I have built a few 4 stringers, but have been wanting to take my current build up to a 4 stringer. The problem is, the neck I have was built with a 3 stringer in mind, meaning it is 1.5" wide. Is this wide enough to handle 4 strings? And, should I feel frisky, what is the accepted neck width for a 6 stringer?
I have that same question about neck width for a 6 string. I was looking last night and got distracted.Maybe tonight I'll find the answer
from the Taylor guitar site
All full-size, 6-string Taylors come standard with a 1-3/4 inch neck. However, you can substitute a 1-11/16 inch neck or a 1-7/8 inch neck when you order your new Taylor. Additional charges may apply. Our 12-string models have a 1-7/8 inch neck and Baby Taylors have 1-11/16 inch neck.
You can squeeze 4 strings onto a 1.5" wide neck if a 3/8" string separation distance is acceptable to you. Many people prefer a 1/2" string separation, but if you are used to playing ukuleles and strum sticks, the 3/8" string separation will feel okay. In calculating string space, I usually use a graphics program to lay out rectangles for the string separation spacing and thinner ones for the edges (i.e. the space between the outer strings and the edge of the fretboard (or neck). Then, when I line up these rectangles, I leave a 1 pix separation for the first string, 2 pix for the second string and 3 pix for the third and subsequent strings. Generally, for 3 strings, a 0.5" separation is not a problem. For 4 strings, you need to reduce the string separation space to about 3/8". With five or six strings you'll need a wider neck, but since I don't do those size necks with any regularity, the numbers don't come to mind. Let me play with my rectangles and get back with you on this.
Back again, Mikey.
My calculations show a 'guitar' with 5 equally spaced strings would need a 2.5" wide neck (or fretboard) if you want two 1/8" edges and 1/2" spacing between strings. For a guitar with 6 equally spaced strings would need a 3.0" neck or fretboard if you want two 1/8" edges and 1/2" spacing between strings. That seems a bit wide, so if you have a six string guitar handy, you might want to measure it and compare it to my calculations. These wider necks will require more neck shaping to make the neck fit your left hand comfortably. The only 5 stringer I built had paired melody and middle strings, so I was able to squeeze them on to a lot narrower neck. I come from a stick dulcimer (strum stick) back ground, so when I think of 4, 5 or 6 stringers I think of paired strings like on mandolins.
Hal, thanks for the pic. Makes sense to me seeing it like that.
Rand: I appreciate you crunching the numbers for me. Also, when you talk about paired strings do you mean identical note/string or same note just in an octave? I would be interested in seeing and hearing how that plays out. Sounds interesting to this rookie.
It's a bit difficult to say how it sounds unless maybe you have heard an 8 string mandolin before (basically a 4 string instrument with each string paired and tuned the same (actually tuned like a violin)). The purpose of the paired string is to make the note sound louder and with a longer sustain than a single string, and on a stick dulcimer (strummer or strum stick) this is done to make the melody stand out a bit better compared to the drone strings (bass and middle string). Of course after you make a 4 stringer, you'll find too many song tabs use the second string to get maybe 3 more notes lower than whats on the first string, but when you play them, the song sounds terrible as most the notes sound mandolin-ish except the melody notes played on the second string, so you'll likely build another instrument and with 5 strings and then pair the middle as well, tuning it to something like D-AA-dd or G-DD-gg. Then your next instrument will likely be a 6 stringer with all three strings paired (paired or trippled strings are called "courses" by the way). But this time you'll tune it something like Dd-AA-dd or Gg-DD-gg, with the two strings in the third course tuned an octave apart. I still have not done this, but they say it makes the instrument sound better.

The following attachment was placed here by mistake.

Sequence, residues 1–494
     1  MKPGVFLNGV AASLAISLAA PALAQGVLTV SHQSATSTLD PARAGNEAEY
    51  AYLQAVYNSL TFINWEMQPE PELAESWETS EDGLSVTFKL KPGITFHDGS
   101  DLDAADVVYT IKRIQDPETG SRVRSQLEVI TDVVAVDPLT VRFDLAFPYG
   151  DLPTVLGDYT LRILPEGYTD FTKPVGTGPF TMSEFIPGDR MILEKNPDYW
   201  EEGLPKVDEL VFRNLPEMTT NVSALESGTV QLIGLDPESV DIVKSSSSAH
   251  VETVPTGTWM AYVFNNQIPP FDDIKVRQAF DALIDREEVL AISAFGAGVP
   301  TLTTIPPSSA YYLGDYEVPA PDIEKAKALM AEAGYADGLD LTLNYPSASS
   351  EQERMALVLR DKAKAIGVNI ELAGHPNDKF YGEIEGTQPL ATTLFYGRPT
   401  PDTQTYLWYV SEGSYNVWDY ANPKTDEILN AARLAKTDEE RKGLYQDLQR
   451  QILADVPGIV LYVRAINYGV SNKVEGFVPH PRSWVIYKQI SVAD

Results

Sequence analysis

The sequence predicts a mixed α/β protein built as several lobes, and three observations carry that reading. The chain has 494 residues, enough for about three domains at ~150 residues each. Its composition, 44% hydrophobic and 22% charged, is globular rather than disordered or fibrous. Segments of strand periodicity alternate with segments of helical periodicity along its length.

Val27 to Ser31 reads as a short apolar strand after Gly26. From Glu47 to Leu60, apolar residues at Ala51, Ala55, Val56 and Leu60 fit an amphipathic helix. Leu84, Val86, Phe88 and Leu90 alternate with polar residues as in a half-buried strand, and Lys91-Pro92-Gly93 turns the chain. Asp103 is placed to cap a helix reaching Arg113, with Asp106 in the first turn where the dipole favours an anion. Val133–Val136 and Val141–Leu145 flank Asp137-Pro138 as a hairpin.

Here's a couple photos of my 5 stringer:
I didn't understand on my first reply to your last post.
Generally, with stick dulcimers, the second string is tuned the same as it's paired string (tuned in unison). Where there is an exception is with the bass string (third course), which is usually tuned an octave apart. While I can say with certainty that the paired strings tuned in unison sound more like a mandolin, I can't really say how they sound when tuned an octave a part.
My guess is that if the first string of the bass course that you would struck is an octave higher, then maybe it will sound a tad bit like a banjo or ukulele when you strum it. When strumming a banjo or ukulele in a down and up motion, you get a pleasing sound because the first and last notes hit in the strums are high notes. In other words, it's like tuning the instrument re-entrantly. However, I'm not sure how it would sound if you tried frailing it (clawhammer style) like a banjo. Some day I'll have to build one to experience the sound for myself. The five stringer shown above just doubled the melody and middle strings - the bass string is not paired. With not much head room left, I'll save this experiment for a new build.
Ok, it's clicking a bit now. I'm so new to all this, never though about stringing high strings on top and bottom. Would take learning a new playing style to do that right. Sounds like a challenge!